Weitz was never comfortable as an office bureaucrat. His diaries are filled with the frustration of a caged bird, and he sounds truly happy only when recounting his numerous trips across the country. Environmentalists who passionately opposed his approach to develop-ment still retained great respect for his familiarity with the specifics of local geography.[58] A field visit by Weitz would begin at 6:00 a.m., with workers joining him at his home for a full breakfast that always included an omelet.[59] Often he brought his wife or one of his three sons on visits. Ben Shemesh fondly remembers Weitz's inclination to convene depart-mental meetings under the shade of the trees.[60] Despite his reputation for stubbornness, however, Weitz eventually would make his peace with the environmentalists and show remarkable intellectual openness.

During the War of Independence, Weitz was the leading figure on the three-member “Transfer Committee,” which sought to expedite the depar-ture of local Arabs, and which operated at first with tacit and later formal

approval of the prime minister.[61] As a result, some historians have painted a one-dimensional picture of Weitz as a callous, Arab-hating official.[62] That view, however, ignores the historical circumstances as well as Weitz's tire-less efforts to offer Arabs compensation for lost lands. As an indication of his actual position on the Palestinian issue, he opposed occupation of the West Bank after 1967 and even refused to attend dedication ceremonies when old JNF settlements at Gush Etzion were resurrected.[63]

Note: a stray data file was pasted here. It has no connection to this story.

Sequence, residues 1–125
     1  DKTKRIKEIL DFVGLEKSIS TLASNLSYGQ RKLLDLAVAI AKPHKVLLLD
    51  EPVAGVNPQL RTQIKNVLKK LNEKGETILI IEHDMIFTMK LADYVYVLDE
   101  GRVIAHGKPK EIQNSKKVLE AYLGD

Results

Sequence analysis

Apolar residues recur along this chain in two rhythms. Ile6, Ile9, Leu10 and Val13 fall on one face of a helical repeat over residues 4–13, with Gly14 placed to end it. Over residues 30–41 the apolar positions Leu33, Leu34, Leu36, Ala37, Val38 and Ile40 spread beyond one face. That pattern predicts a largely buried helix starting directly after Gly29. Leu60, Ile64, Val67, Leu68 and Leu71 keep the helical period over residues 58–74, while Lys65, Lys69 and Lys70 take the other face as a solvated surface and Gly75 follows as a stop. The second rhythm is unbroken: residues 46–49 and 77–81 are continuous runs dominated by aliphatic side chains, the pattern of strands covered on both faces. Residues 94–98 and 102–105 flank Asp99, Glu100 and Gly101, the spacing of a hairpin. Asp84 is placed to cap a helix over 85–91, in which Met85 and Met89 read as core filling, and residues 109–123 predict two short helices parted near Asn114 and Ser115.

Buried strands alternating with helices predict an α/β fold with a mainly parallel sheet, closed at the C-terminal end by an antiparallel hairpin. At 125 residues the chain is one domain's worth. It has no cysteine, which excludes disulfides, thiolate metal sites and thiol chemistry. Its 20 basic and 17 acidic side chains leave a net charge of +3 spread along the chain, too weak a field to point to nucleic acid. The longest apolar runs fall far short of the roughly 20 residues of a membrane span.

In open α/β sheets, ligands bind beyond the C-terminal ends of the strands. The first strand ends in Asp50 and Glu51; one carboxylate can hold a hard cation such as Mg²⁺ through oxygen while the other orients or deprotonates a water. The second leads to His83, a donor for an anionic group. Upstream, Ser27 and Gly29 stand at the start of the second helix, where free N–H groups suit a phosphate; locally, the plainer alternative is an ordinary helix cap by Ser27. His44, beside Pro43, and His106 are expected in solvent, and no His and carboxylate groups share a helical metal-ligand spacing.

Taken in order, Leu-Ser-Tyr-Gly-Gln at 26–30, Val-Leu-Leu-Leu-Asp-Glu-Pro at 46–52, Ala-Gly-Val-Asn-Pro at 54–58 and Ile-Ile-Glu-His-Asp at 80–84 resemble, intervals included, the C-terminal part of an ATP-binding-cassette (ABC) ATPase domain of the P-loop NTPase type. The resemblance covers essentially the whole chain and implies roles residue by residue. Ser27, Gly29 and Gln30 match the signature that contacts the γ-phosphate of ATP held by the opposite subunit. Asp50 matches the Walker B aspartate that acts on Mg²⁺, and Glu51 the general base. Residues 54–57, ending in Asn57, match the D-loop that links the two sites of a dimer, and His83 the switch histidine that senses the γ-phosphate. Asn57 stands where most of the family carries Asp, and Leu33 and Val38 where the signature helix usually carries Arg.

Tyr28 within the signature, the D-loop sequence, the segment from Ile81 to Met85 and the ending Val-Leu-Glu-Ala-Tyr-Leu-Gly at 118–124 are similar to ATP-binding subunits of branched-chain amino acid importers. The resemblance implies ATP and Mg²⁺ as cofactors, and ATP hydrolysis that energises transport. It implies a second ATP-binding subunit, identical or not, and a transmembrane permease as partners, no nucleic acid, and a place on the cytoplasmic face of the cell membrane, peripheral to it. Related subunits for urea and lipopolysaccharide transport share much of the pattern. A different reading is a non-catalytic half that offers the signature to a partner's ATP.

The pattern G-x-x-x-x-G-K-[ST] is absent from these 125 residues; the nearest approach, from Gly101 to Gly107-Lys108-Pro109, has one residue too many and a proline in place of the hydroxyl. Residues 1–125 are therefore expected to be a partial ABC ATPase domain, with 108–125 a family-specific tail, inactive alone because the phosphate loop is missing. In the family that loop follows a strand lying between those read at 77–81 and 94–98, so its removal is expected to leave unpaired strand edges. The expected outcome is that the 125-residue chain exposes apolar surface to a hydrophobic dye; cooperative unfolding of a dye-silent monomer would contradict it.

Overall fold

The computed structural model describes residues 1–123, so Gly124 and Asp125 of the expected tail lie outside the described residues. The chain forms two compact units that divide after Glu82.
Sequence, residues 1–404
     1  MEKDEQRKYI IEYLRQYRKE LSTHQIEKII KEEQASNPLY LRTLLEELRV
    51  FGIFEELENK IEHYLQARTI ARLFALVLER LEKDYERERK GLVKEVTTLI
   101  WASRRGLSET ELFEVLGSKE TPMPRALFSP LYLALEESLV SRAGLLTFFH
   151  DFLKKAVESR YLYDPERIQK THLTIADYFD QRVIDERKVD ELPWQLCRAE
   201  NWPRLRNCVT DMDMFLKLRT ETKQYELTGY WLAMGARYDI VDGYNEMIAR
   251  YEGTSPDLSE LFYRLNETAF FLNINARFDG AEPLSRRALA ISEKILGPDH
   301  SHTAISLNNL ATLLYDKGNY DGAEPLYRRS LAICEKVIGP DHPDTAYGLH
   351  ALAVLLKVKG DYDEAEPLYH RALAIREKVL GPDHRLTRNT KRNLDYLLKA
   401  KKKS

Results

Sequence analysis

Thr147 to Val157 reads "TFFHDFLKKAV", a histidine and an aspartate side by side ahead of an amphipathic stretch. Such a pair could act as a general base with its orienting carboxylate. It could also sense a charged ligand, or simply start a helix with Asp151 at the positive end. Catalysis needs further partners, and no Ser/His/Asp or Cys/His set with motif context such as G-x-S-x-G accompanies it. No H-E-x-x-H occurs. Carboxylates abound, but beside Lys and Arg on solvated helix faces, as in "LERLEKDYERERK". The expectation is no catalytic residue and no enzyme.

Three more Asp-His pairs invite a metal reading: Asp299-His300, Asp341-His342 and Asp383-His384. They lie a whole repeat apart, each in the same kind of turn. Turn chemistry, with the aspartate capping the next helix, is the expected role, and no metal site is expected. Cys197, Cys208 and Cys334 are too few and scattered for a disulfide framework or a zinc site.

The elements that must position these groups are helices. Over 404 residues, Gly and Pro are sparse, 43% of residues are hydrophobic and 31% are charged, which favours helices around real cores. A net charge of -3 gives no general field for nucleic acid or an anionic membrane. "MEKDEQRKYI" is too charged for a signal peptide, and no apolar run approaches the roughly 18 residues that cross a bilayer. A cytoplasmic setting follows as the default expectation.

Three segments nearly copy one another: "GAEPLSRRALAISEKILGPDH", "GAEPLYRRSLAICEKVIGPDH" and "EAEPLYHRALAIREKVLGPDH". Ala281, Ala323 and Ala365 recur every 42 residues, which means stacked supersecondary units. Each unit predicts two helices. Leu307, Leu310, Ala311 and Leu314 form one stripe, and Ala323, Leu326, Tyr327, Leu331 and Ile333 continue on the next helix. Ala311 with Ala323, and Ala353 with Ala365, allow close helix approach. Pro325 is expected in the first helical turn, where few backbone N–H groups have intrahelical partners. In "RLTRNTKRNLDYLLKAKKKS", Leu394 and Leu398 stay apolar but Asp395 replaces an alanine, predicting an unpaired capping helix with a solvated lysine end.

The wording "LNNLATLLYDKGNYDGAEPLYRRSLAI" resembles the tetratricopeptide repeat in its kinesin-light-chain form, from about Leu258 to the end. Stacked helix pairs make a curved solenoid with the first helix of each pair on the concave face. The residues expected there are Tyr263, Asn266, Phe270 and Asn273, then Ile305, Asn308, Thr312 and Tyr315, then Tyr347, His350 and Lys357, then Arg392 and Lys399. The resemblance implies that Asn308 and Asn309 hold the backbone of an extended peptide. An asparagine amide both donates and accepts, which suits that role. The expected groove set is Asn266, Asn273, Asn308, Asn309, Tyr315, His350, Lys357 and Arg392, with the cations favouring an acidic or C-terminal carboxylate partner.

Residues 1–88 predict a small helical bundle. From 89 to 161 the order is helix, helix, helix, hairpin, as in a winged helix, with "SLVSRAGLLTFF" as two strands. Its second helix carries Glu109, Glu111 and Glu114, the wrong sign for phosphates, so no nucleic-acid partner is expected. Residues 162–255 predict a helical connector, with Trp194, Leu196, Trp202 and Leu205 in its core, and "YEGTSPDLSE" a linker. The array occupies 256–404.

It is a much more sentimental Weitz that emerges from his diary. Recalling his first serious afforestation effort with stone pine trees (Pinus pinea L.) in the Herzl Forest at Huldah in 1922, he wrote:

One morning, I'm coming up the road from the train, filled with blissful expectations of “the forest.” I climb, skipping up the incline to see my soft, newly nurtured darlings. But then they came into view and my eyes turned black. The green saplings had turned brown, except for a few isolated ones here and there, and from the heights I could hear the ridicule of the Angel of Death. I fall to my knees and gently touch the saplings. Needles crumble and fall, leaving only a few orphaned needles behind. I dig out all the soil around the saplings to uncover the mystery of their sudden demise, and I don't find anything but a broken heart and tears in my eyes. I was ashamed of myself. My heart asked remorsefully: “What will I show Ettinger?” and total failure encompassed and followed me.[64]

Weitz not only had to overcome grief from lost trees: His youngest and dearest son, Yehiam, was killed in a 1946 Palmach demolition attack. In a posthumously published journal entry he writes: “I don't have the courage to go out on the street, to come to the office, to look at the everyday world. Only the plants in the garden look at me honestly. It is only with them that I can talk.”[65] Still, Weitz would bounce back and lead the JNF through its most ecologically controversial period.